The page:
Some incoming staffs want to establish their own recruits but, at Temple, Arians trusted Hardin, Matt Rhule trusted Al Golden (and to a lesser extent, Steve Addazio) and Collins had a great relationship with Rhule.

It all helped for relatively seamless recruiting.

Palys was an offensive player from a place called Moscow (Pennsylvania, not Russia or Idaho) but back in the early 1980s he built a solid relationship with everyone on the Temple football staff, even the defensive coaches.

When crunch time came, Palys picked Temple because of those relationships first and the fact that he believed Arians when he told the young man Temple would allow Palys to play both baseball and football at Temple.


Palys excelled in both sports, becoming an All-American in baseball (and starting in centerfield for Team USA) and scoring two touchdowns in Bruce Arians’ final game, a 42-28 win over Boston College.

Relationships are something the current head coach, Geoff Collins, and his staff apparently understand. Whatever this staff lacked in game-day preparation in the first half of the 2017 season, they seem to make up in connecting with the kids. It’s understandable because Collins learned the tricks of the trade as recruiting coordinator at both Georgia Tech and Alabama and he has assembled a young and charismatic staff.

The Owls are close to getting a very good linebacker in Pleasantville (N.J.) High’s  Mohamed Toure, who seems to be favoring them over Rutgers, according to this story on NJ.com. He was supposed to be at Rutgers, skipped an appearance there to show up at Temple instead.

Hoch talked about relationships and those relationships lead to a lot of Jimmies and Joes (and Mohameds) signing on the dotted line.

If Jimmies and Joes and Mohameds can overcome the X’s and O’s, Temple is indeed in very good shape for the next few years.

Monday: An Early Look at Buffalo

Shining Light on Villanova Game Plan

These days at Temple football practice time has been set aside for things like photo shoots and press conferences but, at some point, work has to be done to win a game.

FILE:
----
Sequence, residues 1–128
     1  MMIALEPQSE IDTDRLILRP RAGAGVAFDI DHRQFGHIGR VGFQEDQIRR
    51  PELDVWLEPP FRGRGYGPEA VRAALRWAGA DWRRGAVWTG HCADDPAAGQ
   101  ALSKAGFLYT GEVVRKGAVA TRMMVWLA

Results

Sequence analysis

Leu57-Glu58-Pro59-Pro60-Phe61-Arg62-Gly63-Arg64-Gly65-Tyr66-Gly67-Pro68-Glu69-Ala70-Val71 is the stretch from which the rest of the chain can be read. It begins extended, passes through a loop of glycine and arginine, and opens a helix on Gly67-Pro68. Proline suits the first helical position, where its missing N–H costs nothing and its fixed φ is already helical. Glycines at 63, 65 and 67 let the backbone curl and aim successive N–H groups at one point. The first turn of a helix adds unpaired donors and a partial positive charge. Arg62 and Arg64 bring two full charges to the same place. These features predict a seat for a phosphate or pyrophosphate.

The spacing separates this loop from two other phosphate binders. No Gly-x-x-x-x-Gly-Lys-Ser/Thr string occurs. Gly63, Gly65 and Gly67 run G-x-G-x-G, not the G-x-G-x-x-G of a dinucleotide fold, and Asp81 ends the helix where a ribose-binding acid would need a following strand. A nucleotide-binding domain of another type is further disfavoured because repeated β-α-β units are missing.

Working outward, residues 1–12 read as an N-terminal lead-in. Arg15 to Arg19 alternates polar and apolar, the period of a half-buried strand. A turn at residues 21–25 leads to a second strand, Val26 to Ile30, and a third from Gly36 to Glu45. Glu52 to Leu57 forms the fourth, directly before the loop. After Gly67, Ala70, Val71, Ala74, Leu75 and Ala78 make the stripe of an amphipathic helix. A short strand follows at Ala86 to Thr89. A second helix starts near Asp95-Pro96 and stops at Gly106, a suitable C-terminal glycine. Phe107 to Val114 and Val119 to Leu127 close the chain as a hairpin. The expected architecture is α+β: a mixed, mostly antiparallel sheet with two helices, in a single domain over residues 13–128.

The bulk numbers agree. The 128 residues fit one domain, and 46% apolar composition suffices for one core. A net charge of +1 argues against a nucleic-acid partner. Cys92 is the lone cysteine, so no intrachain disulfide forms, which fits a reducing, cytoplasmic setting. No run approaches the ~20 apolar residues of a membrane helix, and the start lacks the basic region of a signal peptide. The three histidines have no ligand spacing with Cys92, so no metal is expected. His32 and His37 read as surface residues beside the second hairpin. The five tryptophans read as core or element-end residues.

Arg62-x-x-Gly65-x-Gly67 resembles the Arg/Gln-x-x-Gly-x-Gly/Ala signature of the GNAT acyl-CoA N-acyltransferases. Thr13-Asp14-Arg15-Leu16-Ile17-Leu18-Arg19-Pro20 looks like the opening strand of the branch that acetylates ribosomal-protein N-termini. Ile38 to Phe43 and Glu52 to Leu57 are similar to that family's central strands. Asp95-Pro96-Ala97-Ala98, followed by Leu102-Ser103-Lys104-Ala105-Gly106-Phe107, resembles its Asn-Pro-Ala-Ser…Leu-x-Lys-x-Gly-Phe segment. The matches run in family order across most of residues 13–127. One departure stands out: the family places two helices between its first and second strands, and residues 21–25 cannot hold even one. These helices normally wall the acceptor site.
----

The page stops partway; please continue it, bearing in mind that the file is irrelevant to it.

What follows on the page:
All you have to do to figure out the Villanova game plan is to pop in a tape of last year’s game.

Villanova is going to throw to the tight end—a lot—and going to try to throw crossing underneath patterns to backs coming out of the backfield. That approach pretty much moved the sticks and shortened the game for the Wildcats, but did not put a whole lot of points on the scoreboard in a 16-13 Temple win.

Villanova: Never forgive, never forget

Daz got one thing right: He beat Nova 42-7 and 41-10

For a FCS team looking to beat a FBS team, that has to be the goal. Shorten the game and keep the ball out of the hands of the more talented team.

Villanova did that well a year ago.

Temple has to counter by using its best defensive player, safety Delvon Randall, to cover the tight end and keep the linebackers from being crossed up by the crossing patterns by defined assignment football.

Will the Owls learn?

Those who do not learn by history are doomed to repeat it. There is a history involving the Owls and nine months to prepare for an opponent that telegraphed their game plan.

For the entire year leading up to the 2016 Army game, we outlined Phil Snow’s shortcomings against triple option teams—both at Temple and his previous stop, Eastern Michigan—and presented a simple plan to stop the triple option.

Nose guard, A gaps covered by tackles, and the play blown up at the point of attack. These were solid precepts covered in Wayne Hardin Football 101.

The Owls had nine months to make those adjustments and made none, instead sticking with their base 4-3 defense.

The outcome was that the Army fullback ran for over 100 yards and two touchdowns in both an embarrassing and costly loss. Had the Owls won that game, they would have had a much better argument for a NY6 playoff game. Snow learned his lesson by the Navy championship game, going with a nose guard and two tackles to stymie Navy’s high-octane offense and come away with a 34-10 win but it was a lesson he chose to ignore for the opener. If anything, the Owls learned that being stubborn and, to use Matt Rhule’s words “do what we do and don’t worry about what the other guy does” is not a good philosophy for winning football. Instead, you’ve got to recognize what the other guy does well and counter your game plan to stop it.

It is a lesson these Owls, too, should not ignore. Somewhere in the fine print of Geoff Collins’ contract is the mandate to pummel this team. He has three weeks to find the Mayhem that disrupts what we all know Villanova will attempt to do.

Friday: They Really Like Us

Monday: A Peak Ahead to Buffalo

Wednesday: The Position Flexibility Canard  

He Said What?